About a week ago, I created this small painting as part of my show preparation process: I practice theme and technique ideas small-scale before I commit to multiple and/or larger works. This project was actually the thing that launched me "backwards" to the Index-Card-a-Day challenge and in turn, it may be these ICAD experiments that propel my show work forward. Let me explain...
If you are constantly striving to reference and reinvent your own work (as opposed to always relying on outside inspiration,) you always have unique ideas at hand. Those ideas quietly inhabit your brain, shifting in and out of your direct attention. You spend some time exploring and then the idea goes into hibernation, waiting for the right time to reemerge. Each time you drag that idea back out into the world (consciously or unconsciously,) it has evolved a little bit. Coincidentally, this is how your own "style" develops as well.
I've been playing around with yearbook photos as a starting point for character creation on and off since 2013. Last week, that idea unexpectedly showed up again, this time on canvas and with a twist. I was intrigued so I looked back at some of the ways I've approached this technique in the past. I keep many, many detailed notes and sketches of my "brainstorms" so research was just a matter of pulling the right notebook off the shelf. I decided to practice drawing yearbook portraits again, this time in a medium I had not tried before. Inspired by this timely post by Danny Gregory, I also started looking at vintage mugshots as well. Once I'd done a few "normal" portraits as warm-up, I felt brave enough to play more with the idea that had popped up on that little canvas.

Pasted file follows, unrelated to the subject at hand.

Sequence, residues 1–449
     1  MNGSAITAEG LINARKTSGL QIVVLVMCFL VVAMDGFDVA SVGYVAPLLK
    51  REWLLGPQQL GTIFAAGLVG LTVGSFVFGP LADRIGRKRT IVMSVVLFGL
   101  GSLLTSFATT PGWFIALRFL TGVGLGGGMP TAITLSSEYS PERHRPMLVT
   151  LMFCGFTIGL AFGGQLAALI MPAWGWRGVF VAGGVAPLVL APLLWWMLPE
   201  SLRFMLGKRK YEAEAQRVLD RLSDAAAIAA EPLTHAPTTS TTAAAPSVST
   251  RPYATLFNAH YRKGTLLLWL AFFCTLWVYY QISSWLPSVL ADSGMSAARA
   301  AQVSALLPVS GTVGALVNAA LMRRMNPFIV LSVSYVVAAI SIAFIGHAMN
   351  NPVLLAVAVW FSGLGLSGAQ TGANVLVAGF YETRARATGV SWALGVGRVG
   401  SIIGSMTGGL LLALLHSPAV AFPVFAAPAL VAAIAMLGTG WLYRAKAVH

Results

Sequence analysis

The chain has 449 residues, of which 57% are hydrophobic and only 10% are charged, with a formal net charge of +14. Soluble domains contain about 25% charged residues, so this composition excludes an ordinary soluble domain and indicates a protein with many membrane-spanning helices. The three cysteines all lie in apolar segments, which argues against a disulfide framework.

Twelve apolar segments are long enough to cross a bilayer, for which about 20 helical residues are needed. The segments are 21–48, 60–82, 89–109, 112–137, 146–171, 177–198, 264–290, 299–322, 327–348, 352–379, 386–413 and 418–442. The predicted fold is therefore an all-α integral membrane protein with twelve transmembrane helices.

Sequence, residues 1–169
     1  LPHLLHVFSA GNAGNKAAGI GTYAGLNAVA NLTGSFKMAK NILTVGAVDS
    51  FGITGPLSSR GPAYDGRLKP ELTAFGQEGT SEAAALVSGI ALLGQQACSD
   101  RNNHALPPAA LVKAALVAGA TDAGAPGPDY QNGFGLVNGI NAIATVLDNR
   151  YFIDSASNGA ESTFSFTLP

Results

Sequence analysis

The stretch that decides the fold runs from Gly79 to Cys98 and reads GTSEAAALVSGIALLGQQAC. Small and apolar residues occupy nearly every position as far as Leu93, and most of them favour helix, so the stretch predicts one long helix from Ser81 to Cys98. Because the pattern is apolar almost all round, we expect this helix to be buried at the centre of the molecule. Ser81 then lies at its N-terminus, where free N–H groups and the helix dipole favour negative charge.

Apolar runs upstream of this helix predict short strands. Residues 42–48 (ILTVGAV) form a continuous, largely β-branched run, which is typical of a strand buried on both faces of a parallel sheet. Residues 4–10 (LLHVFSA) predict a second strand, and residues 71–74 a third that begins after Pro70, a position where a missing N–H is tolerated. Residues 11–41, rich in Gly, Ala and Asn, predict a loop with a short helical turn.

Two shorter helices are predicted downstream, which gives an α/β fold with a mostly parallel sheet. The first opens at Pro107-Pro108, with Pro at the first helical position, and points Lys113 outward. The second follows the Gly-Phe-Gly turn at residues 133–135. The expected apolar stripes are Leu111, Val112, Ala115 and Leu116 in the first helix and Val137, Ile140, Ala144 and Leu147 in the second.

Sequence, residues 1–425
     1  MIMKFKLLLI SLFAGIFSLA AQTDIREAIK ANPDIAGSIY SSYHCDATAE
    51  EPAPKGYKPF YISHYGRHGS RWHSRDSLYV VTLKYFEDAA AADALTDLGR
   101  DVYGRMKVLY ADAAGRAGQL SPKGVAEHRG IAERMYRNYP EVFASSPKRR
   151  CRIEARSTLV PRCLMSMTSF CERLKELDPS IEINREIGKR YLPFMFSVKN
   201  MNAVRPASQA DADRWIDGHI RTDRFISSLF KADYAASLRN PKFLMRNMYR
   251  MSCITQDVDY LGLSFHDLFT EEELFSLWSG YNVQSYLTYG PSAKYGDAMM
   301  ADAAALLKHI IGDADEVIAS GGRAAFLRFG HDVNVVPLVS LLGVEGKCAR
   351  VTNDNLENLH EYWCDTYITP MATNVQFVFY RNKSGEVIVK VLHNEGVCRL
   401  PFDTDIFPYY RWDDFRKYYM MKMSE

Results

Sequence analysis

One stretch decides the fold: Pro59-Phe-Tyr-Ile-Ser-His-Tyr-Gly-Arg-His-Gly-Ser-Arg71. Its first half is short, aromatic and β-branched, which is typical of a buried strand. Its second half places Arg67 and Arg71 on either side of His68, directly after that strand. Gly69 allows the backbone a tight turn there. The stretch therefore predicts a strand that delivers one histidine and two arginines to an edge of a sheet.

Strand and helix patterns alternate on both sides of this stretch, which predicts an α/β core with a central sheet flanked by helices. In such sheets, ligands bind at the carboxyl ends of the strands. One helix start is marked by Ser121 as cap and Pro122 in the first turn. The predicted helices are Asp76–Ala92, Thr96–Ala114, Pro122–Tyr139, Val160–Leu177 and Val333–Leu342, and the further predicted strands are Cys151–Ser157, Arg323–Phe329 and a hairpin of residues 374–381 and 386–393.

The result is this quartet of "monster" portraits. While I kind of love this idea, I'm still not sure about committing these to canvas and including them in the October show. Thematically, they would definitely be relevant to an art show concurrent with Halloween/Day of the Dead. Commercially, the market for such oddball works might be very small. I just need to settle that age old artist dilemma for myself: paint what I love or paint what sells. In a perfect world, those two options are one and the same. Thrilled and terrified by the possibilities, I showed my little painting to a couple of local artists. One is an impressionist/abstract expressionist and the other is best described as an "outsider" artist who draws, paints, and sculpts all sorts of strange and whimsical beasties. Both artists, despite their diverse viewpoints, told me to "f*ing go for it!" Last year, I experienced an incredible amount of anxiety about putting my monster paintings out into public, but the reception was overwhelmingly welcoming. This might be another occasion where I need to just make what I want to make. Trying to predict what will be popular with the public is a waste of time and if there is one thing I don't have enough of, it is time. In addition, I have found that the more I pursue what excites me - without thought to what other people want - the more authentic my work becomes and interestingly, the better it sells. I think it is just a matter of reminding myself of what I already know so I can do the work in spite of my nerves.